The Detroit Zoological Society is conducting ongoing fieldwork in Armenia to assess the population of brown bears and mitigate conflicts that are occurring between humans and bears. Wildlife conservation is an important aspect of the DZS’s mission, and we are renowned for taking a compassionate approach in everything we do. A critical component of this is reducing human-wildlife conflicts around the world. As the human population and land development increases, people are coming into conflict with wildlife more and more from various factors such as predators eating livestock, wildlife raiding crops, and direct threats to human lives.

Armenia is a small country in the south Caucasus Mountains of west Asia between the Black and Caspian seas. Despite its size, Armenia is a hotspot for biodiversity and important for wildlife conservation because of its location at an intersection where wildlife converge from Eurasia, Africa and the Indian sub-continent.

Little is known about brown bears in Armenia; a recent survey of global human-bear conflicts did not include this data, which we think is important. As we are currently involved in wildlife conservation efforts for Eurasian otters in this country, the DZS initiated a project that would assess the distribution and impact of human-bear conflicts in Armenia by conducting interviews and placing trail cameras in and around villages.

Interviewees indicated that the conflict primarily arose due to bears entering orchards, eating fruit and destroying beehives. At times, bears also killed livestock and posed a threat to humans, and by all accounts, the conflict has increased over the last several years. Data from the trail cameras supported these reports. Many pictures showed bears in villages, including mother bears with twins or triplets, which can pose greater threats to humans, due to a mother bear’s instinct to protect her cubs.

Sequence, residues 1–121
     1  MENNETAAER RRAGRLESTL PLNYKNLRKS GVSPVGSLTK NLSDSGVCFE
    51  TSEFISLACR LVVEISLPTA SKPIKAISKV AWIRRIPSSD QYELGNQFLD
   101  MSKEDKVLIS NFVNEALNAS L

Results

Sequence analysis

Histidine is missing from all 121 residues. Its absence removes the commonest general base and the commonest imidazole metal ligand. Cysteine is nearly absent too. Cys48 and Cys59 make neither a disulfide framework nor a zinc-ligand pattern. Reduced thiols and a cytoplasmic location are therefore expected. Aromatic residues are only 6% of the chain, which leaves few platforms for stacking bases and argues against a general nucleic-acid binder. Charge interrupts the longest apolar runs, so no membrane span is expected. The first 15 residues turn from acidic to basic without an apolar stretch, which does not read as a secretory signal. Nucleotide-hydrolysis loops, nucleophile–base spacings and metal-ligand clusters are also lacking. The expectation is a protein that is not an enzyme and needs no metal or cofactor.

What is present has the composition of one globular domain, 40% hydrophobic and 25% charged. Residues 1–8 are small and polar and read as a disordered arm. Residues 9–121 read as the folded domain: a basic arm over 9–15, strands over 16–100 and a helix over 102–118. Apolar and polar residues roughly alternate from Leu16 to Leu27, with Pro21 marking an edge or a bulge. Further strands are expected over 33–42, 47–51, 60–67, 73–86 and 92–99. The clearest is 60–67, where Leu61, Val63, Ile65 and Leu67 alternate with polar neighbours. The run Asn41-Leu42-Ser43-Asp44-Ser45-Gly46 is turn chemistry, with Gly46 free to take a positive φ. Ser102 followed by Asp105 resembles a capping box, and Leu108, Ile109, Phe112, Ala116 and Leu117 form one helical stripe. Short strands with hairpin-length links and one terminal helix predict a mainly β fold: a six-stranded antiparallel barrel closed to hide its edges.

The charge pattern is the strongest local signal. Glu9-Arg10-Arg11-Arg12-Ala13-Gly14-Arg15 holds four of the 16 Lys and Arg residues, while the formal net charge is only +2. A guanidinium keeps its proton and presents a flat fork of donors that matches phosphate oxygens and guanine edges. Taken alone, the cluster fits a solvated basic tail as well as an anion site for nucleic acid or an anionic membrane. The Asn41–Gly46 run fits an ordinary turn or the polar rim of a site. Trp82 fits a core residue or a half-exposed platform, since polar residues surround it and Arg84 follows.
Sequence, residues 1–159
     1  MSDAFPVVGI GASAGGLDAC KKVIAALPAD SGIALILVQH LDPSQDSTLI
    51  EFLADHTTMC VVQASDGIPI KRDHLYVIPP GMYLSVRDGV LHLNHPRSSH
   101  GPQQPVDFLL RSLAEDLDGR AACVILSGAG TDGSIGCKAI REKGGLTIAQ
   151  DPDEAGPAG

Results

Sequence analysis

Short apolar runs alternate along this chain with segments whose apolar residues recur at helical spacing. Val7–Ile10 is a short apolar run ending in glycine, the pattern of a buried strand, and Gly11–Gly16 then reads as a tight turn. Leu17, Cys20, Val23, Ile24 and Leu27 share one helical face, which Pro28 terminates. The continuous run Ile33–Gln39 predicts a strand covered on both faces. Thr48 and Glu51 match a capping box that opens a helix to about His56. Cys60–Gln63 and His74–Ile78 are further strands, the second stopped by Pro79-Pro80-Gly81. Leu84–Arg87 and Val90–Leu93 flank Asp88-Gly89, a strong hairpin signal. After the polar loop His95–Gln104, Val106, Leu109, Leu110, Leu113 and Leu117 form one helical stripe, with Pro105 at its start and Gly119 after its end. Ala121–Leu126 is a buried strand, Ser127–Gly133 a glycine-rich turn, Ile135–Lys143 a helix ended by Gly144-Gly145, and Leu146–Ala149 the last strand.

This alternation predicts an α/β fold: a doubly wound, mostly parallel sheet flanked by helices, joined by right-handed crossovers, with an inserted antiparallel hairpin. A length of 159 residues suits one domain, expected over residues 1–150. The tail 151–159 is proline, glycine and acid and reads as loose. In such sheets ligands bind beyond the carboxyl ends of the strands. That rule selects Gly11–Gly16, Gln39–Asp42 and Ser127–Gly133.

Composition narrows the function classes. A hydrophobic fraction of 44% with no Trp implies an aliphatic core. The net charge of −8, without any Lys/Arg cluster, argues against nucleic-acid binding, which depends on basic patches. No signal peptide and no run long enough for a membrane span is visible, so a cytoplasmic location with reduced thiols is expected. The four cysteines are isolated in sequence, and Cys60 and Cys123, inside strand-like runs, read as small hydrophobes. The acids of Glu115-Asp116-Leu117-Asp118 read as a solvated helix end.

There were also many pictures that showed potential competitors for food such as lynx and wolves, as well as prey of bears including wild boar and bezoar goats. Reports from a bezoar goat viewpoint in the area that was established by the World Wildlife Fund confirmed that bears were preying on young bezoar goats.

We are now working on a manuscript that will detail the level and impact of human-bear conflicts in Armenia and encourage research into conflict mitigation, which could potentially include electric fencing, remote-triggered lights and noisemakers and compensation to farmers for their losses. In addition, we recommend exploring bear-based eco-tourism programs, which could potentially add value from the bears’ presence to the villagers.

– Paul Buzzard, PhD., is the field conservation officer for the Detroit Zoological Society.